On 20th January 2012, Turkey’s parliament passed a law, legislating the new rules and procedures by which Turkey’s next head of state would be elected. Accordingly, Turkey’s next head of state will be elected by popular vote in lieu of the parliament for the first time since modern Turkey was founded, making the forthcoming presidential elections on 10th August 2014 – when Abdullah Gul’s seven-tear term comes to an end – ever more significant. Given the popular vote mandate, that the presidency already has many dormant powers and that the next president is likely to be the current Prime Minister Erdogan, it is highly probable that following the elections there will be a significant redistribution of power between the presidency, the prime minister’s office and parliament impacting Turkey’s ‘separation of powers’ even further and altering the dynamics of Turkey’s executive decision making process.
Given that Turkey’s next president will be elected by popular vote, the current presidential elections are taking on a character very reminiscent of the US presidential elections with candidates being able to accept personal donations for their campaigns with the caveat that an individual donor cannot donate more than 8,259TL (approximately £2,300) per candidate. What is dissimilar however from the US presidential elections is that the electorate are being denied the valued opportunity of a presidential debate. Two of the candidates have publicly expressed their willingness to take part in such a debate while Prime Minister Erdogan has remained quiet on the issue.
The election of Turkey’s next president by popular vote will mean:
- Greater political legitimacy alongside with a number of constitutional rights and responsibilities
- A more active role in both domestic politics and foreign policy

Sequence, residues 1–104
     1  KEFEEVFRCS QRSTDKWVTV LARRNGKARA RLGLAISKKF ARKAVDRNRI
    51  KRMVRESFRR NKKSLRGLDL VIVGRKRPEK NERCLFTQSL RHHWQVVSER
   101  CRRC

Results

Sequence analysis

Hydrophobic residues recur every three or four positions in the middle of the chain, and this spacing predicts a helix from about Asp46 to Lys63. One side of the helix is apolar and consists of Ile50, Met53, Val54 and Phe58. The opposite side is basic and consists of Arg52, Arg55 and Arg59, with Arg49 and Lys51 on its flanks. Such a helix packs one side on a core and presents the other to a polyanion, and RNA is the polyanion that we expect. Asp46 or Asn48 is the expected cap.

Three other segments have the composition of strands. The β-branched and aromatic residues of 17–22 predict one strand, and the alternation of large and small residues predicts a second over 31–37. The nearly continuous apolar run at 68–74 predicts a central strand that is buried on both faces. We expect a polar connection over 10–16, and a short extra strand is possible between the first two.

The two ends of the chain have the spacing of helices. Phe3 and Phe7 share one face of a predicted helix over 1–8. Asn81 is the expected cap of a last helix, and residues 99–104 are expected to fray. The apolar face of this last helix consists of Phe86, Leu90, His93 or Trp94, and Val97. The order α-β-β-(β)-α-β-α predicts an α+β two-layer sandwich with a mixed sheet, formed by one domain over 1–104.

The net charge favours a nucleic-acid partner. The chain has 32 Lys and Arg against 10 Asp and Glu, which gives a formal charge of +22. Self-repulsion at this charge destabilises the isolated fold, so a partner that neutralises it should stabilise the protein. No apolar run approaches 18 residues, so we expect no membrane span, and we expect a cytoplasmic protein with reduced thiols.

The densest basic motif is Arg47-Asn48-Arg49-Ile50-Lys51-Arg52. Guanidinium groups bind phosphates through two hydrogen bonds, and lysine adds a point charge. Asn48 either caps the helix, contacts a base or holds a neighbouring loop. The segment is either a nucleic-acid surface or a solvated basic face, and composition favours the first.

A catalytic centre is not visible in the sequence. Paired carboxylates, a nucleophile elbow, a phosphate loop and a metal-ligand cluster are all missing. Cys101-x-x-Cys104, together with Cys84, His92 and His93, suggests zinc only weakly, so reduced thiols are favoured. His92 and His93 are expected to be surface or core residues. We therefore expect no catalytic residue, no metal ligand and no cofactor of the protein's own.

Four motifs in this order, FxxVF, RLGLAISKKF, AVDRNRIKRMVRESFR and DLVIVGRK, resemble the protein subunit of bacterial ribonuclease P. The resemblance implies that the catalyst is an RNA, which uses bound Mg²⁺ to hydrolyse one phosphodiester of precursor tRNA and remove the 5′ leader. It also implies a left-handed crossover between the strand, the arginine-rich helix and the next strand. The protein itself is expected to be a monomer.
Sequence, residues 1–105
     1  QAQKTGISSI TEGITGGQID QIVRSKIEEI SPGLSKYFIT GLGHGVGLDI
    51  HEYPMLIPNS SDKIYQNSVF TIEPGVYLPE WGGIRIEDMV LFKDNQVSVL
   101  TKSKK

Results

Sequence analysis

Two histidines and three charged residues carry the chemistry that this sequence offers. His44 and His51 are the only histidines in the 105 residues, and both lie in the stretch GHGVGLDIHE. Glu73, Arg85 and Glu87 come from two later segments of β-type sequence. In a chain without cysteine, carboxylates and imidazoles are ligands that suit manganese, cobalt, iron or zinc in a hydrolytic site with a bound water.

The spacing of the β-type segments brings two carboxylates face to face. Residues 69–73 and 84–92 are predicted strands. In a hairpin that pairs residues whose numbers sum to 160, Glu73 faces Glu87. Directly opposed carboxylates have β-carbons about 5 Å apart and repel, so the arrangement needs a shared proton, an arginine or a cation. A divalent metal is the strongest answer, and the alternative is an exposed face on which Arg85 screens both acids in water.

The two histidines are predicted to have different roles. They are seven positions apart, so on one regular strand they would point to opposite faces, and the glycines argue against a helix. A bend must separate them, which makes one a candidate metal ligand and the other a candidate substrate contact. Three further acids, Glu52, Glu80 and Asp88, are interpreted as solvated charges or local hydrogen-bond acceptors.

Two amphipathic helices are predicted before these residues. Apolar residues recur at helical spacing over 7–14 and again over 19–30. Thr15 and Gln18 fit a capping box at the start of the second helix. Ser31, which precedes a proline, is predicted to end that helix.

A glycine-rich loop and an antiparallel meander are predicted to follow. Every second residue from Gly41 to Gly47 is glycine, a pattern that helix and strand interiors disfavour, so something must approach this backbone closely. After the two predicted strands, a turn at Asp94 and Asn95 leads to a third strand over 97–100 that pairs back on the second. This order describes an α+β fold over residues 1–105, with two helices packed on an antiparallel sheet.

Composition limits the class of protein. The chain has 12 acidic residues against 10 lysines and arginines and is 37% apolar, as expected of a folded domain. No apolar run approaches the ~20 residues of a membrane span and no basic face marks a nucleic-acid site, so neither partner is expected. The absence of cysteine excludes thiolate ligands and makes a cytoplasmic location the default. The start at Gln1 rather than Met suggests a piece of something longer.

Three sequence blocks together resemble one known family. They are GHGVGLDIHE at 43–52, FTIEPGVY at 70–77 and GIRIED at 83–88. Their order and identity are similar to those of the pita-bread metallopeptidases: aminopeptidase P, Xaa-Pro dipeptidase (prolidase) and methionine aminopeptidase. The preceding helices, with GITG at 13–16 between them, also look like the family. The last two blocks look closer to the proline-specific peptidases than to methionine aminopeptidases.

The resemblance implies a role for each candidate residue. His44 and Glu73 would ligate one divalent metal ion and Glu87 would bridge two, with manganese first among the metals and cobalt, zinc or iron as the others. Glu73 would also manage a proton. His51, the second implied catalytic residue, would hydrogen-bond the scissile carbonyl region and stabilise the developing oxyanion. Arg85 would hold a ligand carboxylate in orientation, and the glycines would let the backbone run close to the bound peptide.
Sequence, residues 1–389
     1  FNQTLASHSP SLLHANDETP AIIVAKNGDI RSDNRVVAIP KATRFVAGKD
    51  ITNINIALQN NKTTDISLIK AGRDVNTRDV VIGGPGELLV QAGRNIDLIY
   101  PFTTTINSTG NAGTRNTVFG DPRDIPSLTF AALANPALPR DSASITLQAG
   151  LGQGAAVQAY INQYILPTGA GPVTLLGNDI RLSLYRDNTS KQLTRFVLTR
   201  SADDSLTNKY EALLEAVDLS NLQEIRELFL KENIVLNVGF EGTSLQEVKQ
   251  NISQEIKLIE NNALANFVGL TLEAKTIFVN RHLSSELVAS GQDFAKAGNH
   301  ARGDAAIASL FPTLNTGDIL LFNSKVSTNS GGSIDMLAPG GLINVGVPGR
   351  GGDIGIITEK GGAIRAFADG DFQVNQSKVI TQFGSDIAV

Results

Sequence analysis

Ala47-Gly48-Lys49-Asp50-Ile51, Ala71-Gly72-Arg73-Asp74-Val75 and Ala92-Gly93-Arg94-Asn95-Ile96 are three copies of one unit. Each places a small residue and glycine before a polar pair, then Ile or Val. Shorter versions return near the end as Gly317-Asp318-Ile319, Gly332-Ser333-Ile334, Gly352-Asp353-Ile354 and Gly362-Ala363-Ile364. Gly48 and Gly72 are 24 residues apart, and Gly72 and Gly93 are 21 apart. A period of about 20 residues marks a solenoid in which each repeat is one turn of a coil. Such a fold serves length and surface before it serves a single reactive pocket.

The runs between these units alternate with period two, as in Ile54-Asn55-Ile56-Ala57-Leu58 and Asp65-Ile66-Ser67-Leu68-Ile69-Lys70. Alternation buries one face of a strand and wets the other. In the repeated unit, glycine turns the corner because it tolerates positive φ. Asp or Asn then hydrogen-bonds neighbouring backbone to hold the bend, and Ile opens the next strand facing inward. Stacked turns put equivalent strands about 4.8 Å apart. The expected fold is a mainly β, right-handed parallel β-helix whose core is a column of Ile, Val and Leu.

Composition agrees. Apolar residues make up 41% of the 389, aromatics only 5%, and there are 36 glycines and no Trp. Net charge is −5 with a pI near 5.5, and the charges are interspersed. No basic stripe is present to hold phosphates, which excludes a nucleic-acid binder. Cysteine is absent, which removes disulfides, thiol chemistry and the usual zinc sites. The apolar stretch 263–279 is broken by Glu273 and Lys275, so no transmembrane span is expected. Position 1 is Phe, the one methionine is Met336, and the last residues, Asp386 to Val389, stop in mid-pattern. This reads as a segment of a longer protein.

- Political mandate to deliver on election promises Larger representative capacity of public
- More powerful role in ensuring good working relations between state bodies
- Main representative figure of country abroad
For the forthcoming presidential elections on 10th August there are three candidates: PM Erdogan, AK Party’s candidate; Ekmeledddin Ihsanoglu, Secretary-General of the Organisation of Islamic Cooperation (OIC) from 2004 to 2014 and joint candidate of Turkey’s two main opposition parties – the Republican Peoples Party and Nationalist Movement Party – as well as nine smaller political parties from the various ends of the political spectrum; and Selahattin Demirtas, the Turkish/Kurdish candidate of the Peoples` Democratic Party with the support of seven other political parties from the left.
So far, the campaign has been marred by the inequality of media coverage provided for the three candidates. For example, between 14th and 20th July, the campaign coverage time allocated for the three candidates on the country’s state news channel (TRT) was as follows: Erdogan – 8 hours; Ihsanoglu – 3 hours and Demirtas 1.5 hours. The inequality was even higher in the earlier weeks of the official campaign period.
The first round of the elections is on 10th August. Any candidate that receives 50 per cent or more of the vote on this round will win the elections. If none of the candidates do then the second round of elections will be held on 24th August, which will be decided by whichever candidate achieves the highest vote.